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Xbox One S review: Harder, better, stronger, faster?

Three years after the original Xbox One, Microsoft is making another push for our living rooms with the Xbox One S. With it comes various improvements over the old model – size and 4K capabilities the key differences – so is it time grab one? 


The new console is 40% smaller, something apparent even before you open the box. Given the size of the original, there’s some good space saved. It also looks great – gone is the monolithic black, replaced with a classier white. The vents, previously diagonal lines, are now little round dots, giving it a pleasing aesthetic that will belong on any TV console. 

The small console isn’t the only place you save space: The pesky power brick is finally gone. That’s one less lengthy cable to worry about too – this is what the Xbox One should have been in the first place. The old power brick was large enough to be some perverse source of pride for some, I guess? I’m just happy that they’ve gotten rid of it.

Under the hood things are largely the same – an amazing feat, given how much space was saved. There’s a slightly faster GPU, but it’s really about how much they managed to stuff into a smaller space compared to the 2013 Xbox One.


The console also comes with some little upgrades that previous owners of the Xbox One will appreciate. Firstly, that power button (the X logo) is no longer touch sensitive, so no more accidentally turning on your console while cleaning it. (My cats have turned on the console by accident more than once too.) 

Next is the controller – which comes with little changes that make it better than the original. It feels a little more ergonomic, and the back of the controller is now textured for better grip. The Xbox button in the centre is also flush with the front plate, which feels like more of an aesthetic change. The D-pad feels squishier than the original controller’s – which might not be as pleasing for some. But I’m happy to say that it’s much better in terms of accuracy – I no longer get double presses when using it to select options.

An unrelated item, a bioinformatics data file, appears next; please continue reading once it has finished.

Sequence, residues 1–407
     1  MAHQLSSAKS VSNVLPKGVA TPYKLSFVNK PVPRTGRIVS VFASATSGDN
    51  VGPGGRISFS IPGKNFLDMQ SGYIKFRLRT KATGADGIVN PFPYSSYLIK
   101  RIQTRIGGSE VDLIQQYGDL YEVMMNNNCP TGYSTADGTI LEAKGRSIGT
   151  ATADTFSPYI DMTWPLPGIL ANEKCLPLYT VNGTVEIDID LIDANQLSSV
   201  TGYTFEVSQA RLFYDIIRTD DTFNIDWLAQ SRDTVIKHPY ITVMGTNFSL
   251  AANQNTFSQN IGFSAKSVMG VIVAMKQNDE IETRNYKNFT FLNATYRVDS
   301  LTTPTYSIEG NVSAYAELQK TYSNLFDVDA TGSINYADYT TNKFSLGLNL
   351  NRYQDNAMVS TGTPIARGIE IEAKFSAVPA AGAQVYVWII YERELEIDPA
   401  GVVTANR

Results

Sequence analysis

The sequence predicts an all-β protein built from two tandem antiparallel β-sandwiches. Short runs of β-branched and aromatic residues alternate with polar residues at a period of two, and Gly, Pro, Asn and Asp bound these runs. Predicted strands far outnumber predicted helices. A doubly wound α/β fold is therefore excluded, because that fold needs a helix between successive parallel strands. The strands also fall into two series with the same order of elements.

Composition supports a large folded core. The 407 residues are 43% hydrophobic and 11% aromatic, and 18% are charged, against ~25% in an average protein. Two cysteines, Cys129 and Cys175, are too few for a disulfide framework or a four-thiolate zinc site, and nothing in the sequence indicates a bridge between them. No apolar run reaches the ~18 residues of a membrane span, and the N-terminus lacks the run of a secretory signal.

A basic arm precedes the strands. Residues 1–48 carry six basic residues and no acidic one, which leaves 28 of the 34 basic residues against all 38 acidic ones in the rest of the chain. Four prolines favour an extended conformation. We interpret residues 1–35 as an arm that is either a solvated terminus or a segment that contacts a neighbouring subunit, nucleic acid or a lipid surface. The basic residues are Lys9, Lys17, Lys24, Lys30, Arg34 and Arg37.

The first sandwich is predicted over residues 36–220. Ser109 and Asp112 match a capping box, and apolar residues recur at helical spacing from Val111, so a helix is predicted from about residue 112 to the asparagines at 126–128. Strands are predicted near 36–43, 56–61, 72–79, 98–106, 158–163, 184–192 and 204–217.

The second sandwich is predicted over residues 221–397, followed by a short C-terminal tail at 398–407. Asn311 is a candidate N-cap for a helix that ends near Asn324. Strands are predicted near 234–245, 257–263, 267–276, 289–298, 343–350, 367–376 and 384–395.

That said, the new controller is not as good as the Xbox One Elite Controller, but the Elite isn’t something that is within most budgets.

Hard-drive-size wise, the maximum space in this console goes up to 2TB – and any Xbox One owner will tell you 500GB just runs out in no time at all. There’s always external storage for those who need it, but this is definitely more convenient.

The new console also comes with a much faster Wifi – it’s ac capable, which gives you some nice bandwidth for better lag-free gaming. You also get to gaming faster too. For example, Forza Horizon 3 – about 49.32gb in size – took about 3 hours 26 minutes to download on the Xbox One, and 2 hours and 10 minutes on the Xbox One S for me. Games launch faster too, even though the CPU is the same – using the Xbox One S is a much smoother experience. 

And, well, you lose that Kinect port. Not sure how many people will be crying over this – but I do love me some Dance Central.